Kim Jong-nam murder trial: Will suspects be acquitted?

Hidir Reduan

KUALA LUMPUR: TWO women, one from Indonesia and another from Vietnam, will know today whether they will walk free or be required to enter their defence over the murder of Kim Jong-nam, the half-brother of North Korean leader Kim Jong-un.

Shah Alam High Court judge Datuk Azmi Ariffin’s decision on Siti Aisyah and Doan Thi Huong will be guided by the testimonies of 34 prosecution witnesses, who gave evidence over the span of the 39-day murder trial that began on Oct 2 last year.

In the course of the high-profile hearing, 236 pieces of evidence were presented in court, including the clothing worn by both accused and victim, as well as closed-circuit television (CCTV) recordings of the killing.

Siti Aisyah, 26, and Thi Huong, 29, and four others still at large were accused of murdering Jong-nam, 45, at the departure hall of the Kuala Lumpur International Airport 2 (klia2) in Sepang, Selangor, at 9am on Feb 13 last year.

The two women were first charged at the Sepang magistrate’s court on March 1 last year before the case was transferred to the Shah Alam High Court for trial.

Lawyers Gooi Soon Seng and Hisyam Teh Poh Teik represented Siti Aisyah and Thi Huong, respectively.

On April 5, Selangor prosecution director Muhamad Iskandar Ahmad closed the prosecution’s case after having tendered oral evidence of witnesses, including the Malaysian Chemistry Department’s Alcohol and Clinical Toxicology Unit head Dr K. Sharmilah and the department’s Chemical Weapon Centre Laboratory head Dr S. Raja.

The prosecution offered 93 witnesses to be called by the defence, including Siti Aisyah’s roommate, Jong-nam’s personal driver and best friend, the ambulance driver present during the incident and a worker of the hotel where Thi Huong had stayed.

During trial, the High Court was told by Dr Raja that Jong-nam’s death was caused by the VX nerve gas, with death by the gas being the first in Malaysia and the second such incident in the world.

Due to security concerns, the process of identifying evidence in the case was made at the Malaysian Chemistry Department due to fears that the then-still active effects of the VX nerve gas could harm members of the public in open spaces.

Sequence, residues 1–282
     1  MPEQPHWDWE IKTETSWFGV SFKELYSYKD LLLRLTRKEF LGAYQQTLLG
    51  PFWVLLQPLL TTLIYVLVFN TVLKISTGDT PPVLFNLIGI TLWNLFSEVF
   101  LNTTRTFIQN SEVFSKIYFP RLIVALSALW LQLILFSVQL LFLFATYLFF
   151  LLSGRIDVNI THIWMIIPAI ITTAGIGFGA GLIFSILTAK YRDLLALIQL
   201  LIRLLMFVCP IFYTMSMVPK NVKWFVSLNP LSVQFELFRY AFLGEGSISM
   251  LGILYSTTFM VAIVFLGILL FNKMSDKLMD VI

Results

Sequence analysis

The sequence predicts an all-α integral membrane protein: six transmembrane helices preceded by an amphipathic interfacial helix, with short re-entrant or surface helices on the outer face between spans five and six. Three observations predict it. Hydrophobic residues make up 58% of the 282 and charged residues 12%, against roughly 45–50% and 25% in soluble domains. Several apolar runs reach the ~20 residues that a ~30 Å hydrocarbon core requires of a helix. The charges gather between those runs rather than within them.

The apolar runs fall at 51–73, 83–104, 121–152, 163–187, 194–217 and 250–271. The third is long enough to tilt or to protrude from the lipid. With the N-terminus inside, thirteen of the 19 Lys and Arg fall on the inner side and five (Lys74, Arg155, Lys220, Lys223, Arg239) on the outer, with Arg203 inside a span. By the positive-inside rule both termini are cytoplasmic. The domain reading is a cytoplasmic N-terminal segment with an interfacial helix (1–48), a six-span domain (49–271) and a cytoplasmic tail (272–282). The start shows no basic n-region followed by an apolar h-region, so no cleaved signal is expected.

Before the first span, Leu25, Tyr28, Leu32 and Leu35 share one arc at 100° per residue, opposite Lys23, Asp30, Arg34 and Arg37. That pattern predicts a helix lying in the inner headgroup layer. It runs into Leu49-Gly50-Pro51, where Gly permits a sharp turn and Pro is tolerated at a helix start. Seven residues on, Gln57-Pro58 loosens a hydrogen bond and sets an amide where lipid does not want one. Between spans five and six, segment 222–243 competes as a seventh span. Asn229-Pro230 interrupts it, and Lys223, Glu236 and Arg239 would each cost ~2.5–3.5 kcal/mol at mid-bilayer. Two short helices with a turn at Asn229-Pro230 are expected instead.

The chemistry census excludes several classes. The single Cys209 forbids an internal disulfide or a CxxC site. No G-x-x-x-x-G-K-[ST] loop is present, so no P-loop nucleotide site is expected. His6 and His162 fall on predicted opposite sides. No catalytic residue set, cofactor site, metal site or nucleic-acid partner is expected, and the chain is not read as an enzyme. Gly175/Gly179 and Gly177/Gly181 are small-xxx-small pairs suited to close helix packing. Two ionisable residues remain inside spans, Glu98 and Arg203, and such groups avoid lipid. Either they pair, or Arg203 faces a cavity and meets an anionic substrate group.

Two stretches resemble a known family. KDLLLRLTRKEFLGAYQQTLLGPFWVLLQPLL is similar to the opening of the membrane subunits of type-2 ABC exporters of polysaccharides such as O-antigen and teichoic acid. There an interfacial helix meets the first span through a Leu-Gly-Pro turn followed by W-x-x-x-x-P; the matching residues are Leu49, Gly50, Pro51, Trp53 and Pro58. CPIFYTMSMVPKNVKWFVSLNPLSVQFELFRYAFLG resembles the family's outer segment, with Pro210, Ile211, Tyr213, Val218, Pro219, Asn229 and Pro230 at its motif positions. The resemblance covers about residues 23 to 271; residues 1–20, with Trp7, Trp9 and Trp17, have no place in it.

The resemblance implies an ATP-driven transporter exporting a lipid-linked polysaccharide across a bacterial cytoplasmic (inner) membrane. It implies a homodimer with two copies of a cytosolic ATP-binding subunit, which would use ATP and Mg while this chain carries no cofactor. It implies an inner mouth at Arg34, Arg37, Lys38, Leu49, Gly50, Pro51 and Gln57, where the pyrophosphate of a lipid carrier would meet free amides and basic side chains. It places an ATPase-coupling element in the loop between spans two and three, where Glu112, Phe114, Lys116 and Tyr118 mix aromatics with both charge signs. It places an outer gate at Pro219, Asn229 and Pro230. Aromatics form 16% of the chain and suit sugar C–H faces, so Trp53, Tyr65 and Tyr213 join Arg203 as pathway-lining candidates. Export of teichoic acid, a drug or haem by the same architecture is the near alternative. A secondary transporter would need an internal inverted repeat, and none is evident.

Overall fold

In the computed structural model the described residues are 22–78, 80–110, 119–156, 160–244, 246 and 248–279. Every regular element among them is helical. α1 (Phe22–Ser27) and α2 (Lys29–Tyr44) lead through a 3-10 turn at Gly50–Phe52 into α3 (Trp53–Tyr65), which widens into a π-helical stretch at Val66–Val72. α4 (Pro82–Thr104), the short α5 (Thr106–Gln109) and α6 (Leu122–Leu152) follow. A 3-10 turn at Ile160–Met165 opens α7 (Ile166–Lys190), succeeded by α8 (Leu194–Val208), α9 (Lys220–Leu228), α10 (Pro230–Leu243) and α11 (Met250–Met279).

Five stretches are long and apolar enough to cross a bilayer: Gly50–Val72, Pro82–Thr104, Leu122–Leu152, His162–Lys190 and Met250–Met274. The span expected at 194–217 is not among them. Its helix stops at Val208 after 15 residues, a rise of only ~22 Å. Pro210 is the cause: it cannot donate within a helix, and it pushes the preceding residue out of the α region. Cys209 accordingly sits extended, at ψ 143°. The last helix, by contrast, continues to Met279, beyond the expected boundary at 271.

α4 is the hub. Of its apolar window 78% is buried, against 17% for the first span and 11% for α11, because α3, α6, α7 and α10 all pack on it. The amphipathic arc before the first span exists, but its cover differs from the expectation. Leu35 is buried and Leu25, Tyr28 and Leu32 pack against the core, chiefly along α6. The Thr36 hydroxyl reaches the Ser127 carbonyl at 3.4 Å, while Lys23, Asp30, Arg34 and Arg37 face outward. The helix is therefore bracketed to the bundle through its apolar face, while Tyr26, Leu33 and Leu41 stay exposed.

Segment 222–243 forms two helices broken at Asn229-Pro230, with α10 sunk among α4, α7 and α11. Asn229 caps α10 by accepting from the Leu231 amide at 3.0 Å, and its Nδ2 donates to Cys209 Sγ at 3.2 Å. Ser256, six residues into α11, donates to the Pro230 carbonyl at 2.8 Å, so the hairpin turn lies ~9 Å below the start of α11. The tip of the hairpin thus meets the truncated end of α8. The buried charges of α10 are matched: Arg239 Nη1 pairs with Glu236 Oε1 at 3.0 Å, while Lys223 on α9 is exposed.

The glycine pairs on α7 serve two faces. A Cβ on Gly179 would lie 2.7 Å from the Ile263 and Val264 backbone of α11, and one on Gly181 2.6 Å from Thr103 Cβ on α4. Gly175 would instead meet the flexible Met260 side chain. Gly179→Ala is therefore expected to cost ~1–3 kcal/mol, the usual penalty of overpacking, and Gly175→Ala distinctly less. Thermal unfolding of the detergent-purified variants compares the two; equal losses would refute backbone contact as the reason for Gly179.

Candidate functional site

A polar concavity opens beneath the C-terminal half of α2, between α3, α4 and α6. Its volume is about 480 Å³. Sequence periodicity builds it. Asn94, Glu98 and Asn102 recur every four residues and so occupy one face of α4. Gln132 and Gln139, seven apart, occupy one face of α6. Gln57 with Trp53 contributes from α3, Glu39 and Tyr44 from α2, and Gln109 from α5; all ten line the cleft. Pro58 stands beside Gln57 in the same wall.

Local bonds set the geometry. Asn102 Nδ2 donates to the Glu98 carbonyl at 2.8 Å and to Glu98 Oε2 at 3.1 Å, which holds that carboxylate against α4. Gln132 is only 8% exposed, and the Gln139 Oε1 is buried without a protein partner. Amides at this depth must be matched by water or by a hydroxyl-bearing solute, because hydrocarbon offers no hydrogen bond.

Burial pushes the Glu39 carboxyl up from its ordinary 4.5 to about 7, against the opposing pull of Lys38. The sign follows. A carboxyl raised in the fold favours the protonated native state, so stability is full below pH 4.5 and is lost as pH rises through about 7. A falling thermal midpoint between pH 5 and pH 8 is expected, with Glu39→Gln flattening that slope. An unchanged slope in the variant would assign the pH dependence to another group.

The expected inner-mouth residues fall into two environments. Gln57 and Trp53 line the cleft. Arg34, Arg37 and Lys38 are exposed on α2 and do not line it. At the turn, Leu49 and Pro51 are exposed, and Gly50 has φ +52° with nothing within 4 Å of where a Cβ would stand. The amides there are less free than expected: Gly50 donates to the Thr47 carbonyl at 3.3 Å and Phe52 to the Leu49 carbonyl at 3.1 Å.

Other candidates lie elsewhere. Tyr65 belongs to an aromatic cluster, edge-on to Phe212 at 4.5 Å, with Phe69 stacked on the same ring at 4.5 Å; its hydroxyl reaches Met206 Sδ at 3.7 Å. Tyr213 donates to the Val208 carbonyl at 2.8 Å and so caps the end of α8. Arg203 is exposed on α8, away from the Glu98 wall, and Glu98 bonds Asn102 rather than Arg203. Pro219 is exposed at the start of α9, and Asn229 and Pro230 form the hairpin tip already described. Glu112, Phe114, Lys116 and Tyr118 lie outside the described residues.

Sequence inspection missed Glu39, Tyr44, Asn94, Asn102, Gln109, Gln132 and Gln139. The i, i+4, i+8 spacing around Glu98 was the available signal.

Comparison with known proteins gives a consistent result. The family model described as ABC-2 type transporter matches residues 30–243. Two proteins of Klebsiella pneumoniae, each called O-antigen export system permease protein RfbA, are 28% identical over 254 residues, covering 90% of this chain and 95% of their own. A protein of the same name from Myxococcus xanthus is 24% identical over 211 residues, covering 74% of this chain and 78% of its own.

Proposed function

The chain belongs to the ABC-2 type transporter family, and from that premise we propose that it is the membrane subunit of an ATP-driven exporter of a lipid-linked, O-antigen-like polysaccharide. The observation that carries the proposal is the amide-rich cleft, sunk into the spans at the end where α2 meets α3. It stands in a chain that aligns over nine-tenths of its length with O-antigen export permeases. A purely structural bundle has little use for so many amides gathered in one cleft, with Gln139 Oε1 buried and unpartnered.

In his oral evidence, Dr Raja confirmed that the VX nerve gas was detected on a sleeveless T-shirt packed in a package labelled “Siti Aisyah”, and a white T-shirt with the printed words “LOL” on the front in a package labelled “Thi Huong”.

On Oct 24 last year, Siti Aisyah complained of shortness of breath and cried during a visit to the scene of the crime at klia2.

She sat on a bench at the airport to rest.

In response, the prosecution applied for both women to be provided wheelchairs during the four-hour visit to the crime scene.

Both accused were tried on a charge of murdering Jong-nam, an offence which carried the death penalty under Section 302 of the Penal Code.

The case drew widespread media attention in Malaysia and abroad, which involved Jong-nam’s death by exposure to the VX nerve gas at klia2, while he waited for his flight to Macau. He had arrived in Malaysia on Feb 6 last year.

Two days after his death, two foreign women, one from Indonesia and the other from Vietnam, were nabbed after the authorities identified them via the airport’s CCTV footage.

Jong-nam, who was the eldest son of former North Korean leader Kim Jong-il, lived in exile in China and Southeast Asia following a fallout with several members of his family.

Found with a passport with the name Kim Chol, he died while being transported to Putrajaya Hospital.

The incident triggered a temporary diplomatic clash between Malaysia and North Korea, which saw both countries withdrawing their respective embassies, and ordering their citizens to leave Malaysia and North Korea. © New Straits Times Press (M) Bhd